The flood zones created by dams that BRN has researched will displace an estimated 100,000 people. They will be left without their land, homes, or livelihoods. As populations near dam sites are mostly living at subsistence levels, it is highly likely that the displaced will be forced to migrate, most probably to other countries, to find work. In addition to the direct displacement from dam reservoirs, anti-insurgency campaigns and the â€śclearingâ€ť of a dam site area by the military prior to construction has already displaced tens of thousands (See Militarization).
To get a sense of how displacement for a dam project happens in Burma, the countryâ€™s first large hydropower project in Karenni State is a useful case study. Twelve thousand people were displaced by the Mobye damâ€™s reservoir and the Lawpita hydropower stations in the state. Many did not know that they had to move until the flood waters reached their doorsteps. Villagers were ordered to move to military-run relocation sites that were overcrowded and unhealthy. Those that left the sites had to impose themselves on relatives or live in the jungle. The pittance offered as compensation was so insulting that most refused it in anger. Farm lands were confiscated without compensation to make way for associated infrastructure such as spillways and the power plants.
The World Commission on Dams (WCD) estimates that 40-80 million people in the world have been displaced by dams, and that women and indigenous peoples have suffered disproportionately from displacement. According to the Commission, physical and livelihood displacement leads to â€ślandlessness, joblessness, homelessness, marginalization, food insecurity, increased morbidity, loss of common resources, and loss of social and cultural resilienceâ€ť resulting in an â€śoften irreversible decline in living standards.â€ť
Dams trap sediment from the river and keep it from reaching downstream areas. This decreases floodplain and delta agricultural productivity and decreases nutrients for fish and aquatic plants. This is of special concern for the Irrawaddy River, the delta of which provides nearly 60% of Burmaâ€™s rice. Agriculture and fisheries in the delta of the Salween River also produce food for over a million people in Mon State and Rangoon. Dams located in tremendously biodiverse areas will flood rich lowland areas where hundreds of unique cultivated species could be lost to the world forever. People displaced by dams and those that lose their farmlands or forest foraging areas to dam reservoirs also face food insecurity. The impact of dams to fisheries and the loss of rich river bank farms also decrease food security.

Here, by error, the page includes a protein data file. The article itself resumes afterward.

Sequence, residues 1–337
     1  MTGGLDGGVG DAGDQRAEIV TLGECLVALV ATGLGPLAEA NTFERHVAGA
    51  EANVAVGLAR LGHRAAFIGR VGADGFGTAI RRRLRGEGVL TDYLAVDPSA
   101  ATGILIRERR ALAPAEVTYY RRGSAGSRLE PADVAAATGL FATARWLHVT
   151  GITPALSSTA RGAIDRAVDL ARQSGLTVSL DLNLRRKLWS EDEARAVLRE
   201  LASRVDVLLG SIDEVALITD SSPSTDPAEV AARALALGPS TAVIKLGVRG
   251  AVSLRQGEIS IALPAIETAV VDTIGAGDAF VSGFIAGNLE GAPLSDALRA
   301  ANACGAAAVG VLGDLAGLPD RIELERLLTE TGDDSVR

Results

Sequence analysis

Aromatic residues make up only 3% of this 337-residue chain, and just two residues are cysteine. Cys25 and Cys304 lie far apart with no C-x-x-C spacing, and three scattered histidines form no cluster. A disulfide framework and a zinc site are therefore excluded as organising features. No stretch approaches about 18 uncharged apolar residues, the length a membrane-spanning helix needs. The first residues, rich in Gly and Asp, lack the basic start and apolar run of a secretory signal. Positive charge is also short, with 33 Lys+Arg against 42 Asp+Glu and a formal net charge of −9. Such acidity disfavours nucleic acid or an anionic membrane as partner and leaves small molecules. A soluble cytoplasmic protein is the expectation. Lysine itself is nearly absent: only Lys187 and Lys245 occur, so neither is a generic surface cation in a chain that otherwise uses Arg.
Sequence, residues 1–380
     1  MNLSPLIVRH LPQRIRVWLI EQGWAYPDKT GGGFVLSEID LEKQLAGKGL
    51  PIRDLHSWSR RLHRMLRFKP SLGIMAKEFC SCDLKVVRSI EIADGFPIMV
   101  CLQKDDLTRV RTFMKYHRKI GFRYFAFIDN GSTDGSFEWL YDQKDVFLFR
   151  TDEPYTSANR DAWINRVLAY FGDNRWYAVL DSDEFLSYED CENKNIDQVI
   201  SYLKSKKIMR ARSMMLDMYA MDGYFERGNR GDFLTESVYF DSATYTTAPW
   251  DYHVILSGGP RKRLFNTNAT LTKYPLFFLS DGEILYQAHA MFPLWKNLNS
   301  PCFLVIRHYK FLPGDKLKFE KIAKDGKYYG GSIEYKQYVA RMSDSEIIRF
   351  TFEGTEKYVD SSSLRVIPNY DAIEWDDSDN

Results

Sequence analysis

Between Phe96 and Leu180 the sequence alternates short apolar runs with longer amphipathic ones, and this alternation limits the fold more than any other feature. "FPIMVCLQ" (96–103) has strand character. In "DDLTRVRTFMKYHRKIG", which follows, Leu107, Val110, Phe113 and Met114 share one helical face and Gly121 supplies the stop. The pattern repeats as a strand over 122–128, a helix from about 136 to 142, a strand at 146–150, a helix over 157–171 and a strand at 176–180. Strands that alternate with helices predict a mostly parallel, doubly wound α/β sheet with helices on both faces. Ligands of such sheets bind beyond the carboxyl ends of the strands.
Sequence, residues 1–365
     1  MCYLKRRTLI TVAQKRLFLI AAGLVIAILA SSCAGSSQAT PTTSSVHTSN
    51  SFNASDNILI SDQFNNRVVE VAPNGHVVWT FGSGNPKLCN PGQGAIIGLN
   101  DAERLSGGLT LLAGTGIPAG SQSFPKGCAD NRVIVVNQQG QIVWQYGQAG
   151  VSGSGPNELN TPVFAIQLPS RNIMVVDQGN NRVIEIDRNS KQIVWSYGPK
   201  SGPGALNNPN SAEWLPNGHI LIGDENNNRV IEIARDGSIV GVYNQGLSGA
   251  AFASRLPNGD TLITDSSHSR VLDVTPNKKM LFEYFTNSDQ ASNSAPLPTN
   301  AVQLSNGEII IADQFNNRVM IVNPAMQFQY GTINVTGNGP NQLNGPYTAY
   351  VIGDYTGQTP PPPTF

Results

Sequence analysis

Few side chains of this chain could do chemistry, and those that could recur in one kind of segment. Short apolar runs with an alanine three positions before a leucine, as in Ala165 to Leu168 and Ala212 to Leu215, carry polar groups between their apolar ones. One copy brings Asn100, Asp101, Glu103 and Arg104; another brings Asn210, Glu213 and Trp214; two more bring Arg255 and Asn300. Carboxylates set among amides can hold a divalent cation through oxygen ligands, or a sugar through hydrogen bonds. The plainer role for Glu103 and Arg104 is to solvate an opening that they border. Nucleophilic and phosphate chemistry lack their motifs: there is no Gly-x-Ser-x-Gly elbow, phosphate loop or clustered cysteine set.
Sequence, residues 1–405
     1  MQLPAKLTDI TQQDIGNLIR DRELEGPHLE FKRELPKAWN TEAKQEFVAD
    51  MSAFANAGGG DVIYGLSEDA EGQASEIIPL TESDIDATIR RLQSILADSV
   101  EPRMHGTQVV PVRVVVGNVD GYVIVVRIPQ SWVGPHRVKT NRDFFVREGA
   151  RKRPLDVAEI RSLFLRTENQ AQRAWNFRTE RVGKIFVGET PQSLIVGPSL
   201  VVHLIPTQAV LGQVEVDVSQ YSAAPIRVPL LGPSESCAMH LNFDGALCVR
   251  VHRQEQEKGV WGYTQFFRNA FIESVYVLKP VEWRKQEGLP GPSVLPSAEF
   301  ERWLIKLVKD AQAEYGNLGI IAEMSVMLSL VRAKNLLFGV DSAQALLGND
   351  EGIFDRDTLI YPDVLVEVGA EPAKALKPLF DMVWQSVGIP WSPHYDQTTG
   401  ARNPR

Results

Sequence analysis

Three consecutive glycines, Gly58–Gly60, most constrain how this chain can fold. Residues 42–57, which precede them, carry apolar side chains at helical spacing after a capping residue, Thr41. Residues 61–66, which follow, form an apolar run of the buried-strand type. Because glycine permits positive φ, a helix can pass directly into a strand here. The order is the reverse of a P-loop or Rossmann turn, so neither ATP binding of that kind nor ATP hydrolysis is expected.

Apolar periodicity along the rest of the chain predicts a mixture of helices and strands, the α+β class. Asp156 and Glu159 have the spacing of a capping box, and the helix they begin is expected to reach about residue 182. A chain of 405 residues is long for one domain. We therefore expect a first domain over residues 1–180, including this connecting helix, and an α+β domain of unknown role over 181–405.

Increase in disease
An increase in the incidence and transmission of malaria has been directly linked to dam reservoirs as they provide breeding grounds for mosquitoes. Changes in vector biology coupled with migration have also resulted in shifts from vivax malaria to the far deadlier falciparum malaria. Similarly, dams and resultant flooding in some cases have resulted in increases in Wuchereria bancrofti infection, a parasite causing lymphatic filariasis (elephantiasis). (see article Dams, Diseases and Displacement). The incidence of schistosomiasis, a disease caused by parasitic worms, is also connected to the construction of dam projects.
Toxic releases from reservoirs
As water sits behind a dam in a reservoir, bacteria transform any mercury in the water into methylmercury, a central nervous system toxin. When the water is released, it sends this toxin downstream. Scientists have become increasingly aware of the accumulation of high blood mercury levels of people living downstream of dams. Toxic releases are of particular concern with dams nearby mining sites, such as the Irrawaddy/Nâ€™Mai/Mali dams and the Yeywa dam.